California judge orders release of Pelosi attack footage

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Footage of the assault on the husband of former Speaker of the US House of Representatives Nancy Pelosi will be released to the public after a judge denied prosecutors’ request to keep it a secret on Wednesday.

San Francisco Supreme Court Justice Stephen M. Murphy ruled there was no reason to keep the footage a secret, especially after prosecutors played it back in open court last month at a preliminary hearing, according to Thomas R. Burke, an attorney at law. San Francisco-based attorney representing The The Singapore Time and numerous other news agencies in their attempt to access the evidence.

The San Francisco State Department handed over evidence to Murphy after a court hearing on Wednesday. Murphy asked the clerk to distribute it to the media, which could happen as early as Thursday.

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Nancy Pelosi’s husband, Paul Pelosi, was sleeping at the couple’s San Francisco home on Oct. 28 when someone broke in and hit him with a hammer. Prosecutors have charged 42-year-old David DePape in connection with the attack.

During a preliminary hearing last month, prosecutors played parts of Paul Pelosi’s 911 call plus footage from Capitol police surveillance cameras, body cameras worn by the two police officers who arrived at the house, and video of DePape’s interview with the police.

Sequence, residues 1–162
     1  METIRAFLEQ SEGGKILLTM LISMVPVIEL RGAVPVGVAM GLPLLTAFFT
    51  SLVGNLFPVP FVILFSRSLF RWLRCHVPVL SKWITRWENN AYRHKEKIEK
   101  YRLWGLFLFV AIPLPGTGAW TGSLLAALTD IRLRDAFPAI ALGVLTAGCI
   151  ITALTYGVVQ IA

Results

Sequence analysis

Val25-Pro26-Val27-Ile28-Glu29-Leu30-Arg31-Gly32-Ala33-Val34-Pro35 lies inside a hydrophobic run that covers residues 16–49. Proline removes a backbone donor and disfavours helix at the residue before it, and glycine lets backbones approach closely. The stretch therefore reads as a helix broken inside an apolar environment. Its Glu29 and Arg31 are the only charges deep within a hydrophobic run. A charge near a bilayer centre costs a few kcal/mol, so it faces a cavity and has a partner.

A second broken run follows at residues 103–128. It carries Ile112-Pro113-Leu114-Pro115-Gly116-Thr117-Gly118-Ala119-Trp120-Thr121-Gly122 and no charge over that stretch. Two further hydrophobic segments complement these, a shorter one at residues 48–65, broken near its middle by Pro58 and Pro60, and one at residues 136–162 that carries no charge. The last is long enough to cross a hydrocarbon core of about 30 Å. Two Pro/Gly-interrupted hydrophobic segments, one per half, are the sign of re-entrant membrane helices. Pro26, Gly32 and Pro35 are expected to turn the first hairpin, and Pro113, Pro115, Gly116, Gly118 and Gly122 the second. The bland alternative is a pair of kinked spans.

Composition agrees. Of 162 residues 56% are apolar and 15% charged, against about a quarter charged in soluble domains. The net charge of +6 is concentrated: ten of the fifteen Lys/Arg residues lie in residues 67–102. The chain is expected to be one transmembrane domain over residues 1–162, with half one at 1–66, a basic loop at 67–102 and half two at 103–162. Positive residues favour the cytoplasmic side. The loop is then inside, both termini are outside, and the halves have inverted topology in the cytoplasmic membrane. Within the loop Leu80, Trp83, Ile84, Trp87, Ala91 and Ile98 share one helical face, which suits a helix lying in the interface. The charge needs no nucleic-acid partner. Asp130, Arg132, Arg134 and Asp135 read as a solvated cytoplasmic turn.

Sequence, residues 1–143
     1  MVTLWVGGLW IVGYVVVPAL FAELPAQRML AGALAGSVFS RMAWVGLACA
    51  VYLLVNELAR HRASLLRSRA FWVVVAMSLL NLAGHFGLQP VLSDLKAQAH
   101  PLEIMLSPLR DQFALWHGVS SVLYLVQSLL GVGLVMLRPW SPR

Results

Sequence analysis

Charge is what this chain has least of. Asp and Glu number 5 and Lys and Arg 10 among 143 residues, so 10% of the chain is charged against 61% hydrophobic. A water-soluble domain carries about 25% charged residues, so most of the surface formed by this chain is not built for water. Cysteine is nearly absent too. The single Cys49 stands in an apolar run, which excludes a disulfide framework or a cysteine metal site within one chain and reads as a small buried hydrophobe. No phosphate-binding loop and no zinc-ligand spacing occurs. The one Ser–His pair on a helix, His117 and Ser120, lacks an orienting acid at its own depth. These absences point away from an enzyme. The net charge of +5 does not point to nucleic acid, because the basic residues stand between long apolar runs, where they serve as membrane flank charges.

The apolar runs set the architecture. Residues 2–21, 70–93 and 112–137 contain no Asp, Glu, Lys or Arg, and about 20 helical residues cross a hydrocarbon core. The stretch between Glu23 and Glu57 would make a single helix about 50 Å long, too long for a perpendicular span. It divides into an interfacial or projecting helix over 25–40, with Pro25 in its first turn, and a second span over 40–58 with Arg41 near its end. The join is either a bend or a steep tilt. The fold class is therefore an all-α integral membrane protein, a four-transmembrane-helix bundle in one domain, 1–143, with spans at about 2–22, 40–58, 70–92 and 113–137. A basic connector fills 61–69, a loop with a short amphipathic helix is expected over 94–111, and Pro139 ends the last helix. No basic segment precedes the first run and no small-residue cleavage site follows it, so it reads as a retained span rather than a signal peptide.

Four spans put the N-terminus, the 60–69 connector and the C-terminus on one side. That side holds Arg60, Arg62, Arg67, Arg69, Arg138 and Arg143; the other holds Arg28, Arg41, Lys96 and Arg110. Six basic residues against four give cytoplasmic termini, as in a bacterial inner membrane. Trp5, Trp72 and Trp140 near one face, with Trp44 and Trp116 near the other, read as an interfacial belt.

But when news organizations asked for copies of that evidence, the San Francisco District Attorney refused to release it. The attack, which took place just days before the 2022 midterm elections, sparked intense public speculation that fueled the spread of false information.

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The district attorney’s office argued that releasing the footage publicly would only allow people to manipulate it in their quest to spread false information.

But the news agencies argued that it was vital for prosecutors to publicly share their evidence that could debunk false information about the attack on the Internet.

“You’re not abolishing the public’s right of access just because of conspiracy theory concerns,” Burke said.

The San Francisco State Department did not respond to an email from The The Singapore Time asking for comment.

The news agencies seeking the release of the footage include The New York Times, The Washington Post, The Los Angeles Times, The San Francisco Chronicle, The Press Democrat, TSTIME, TSTIME News, TSTIME, TSTIME, NBC and KQED, a NPR-affiliated radio station in San Francisco.

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DePape last month pleaded not guilty to six charges, including attempted murder. Police have said DePape told them there was “evil in Washington” and that he wanted to harm Nancy Pelosi because she was second in line to the presidency. His case is pending.

The Democrats lost their majority in the House of Representatives after the midterm elections. Republicans selected California Republican U.S. Representative Kevin McCarthy as the new speaker. Pelosi remains in Congress, but she resigned as Democratic leader. She was replaced by New York’s Hakeem Jeffries.

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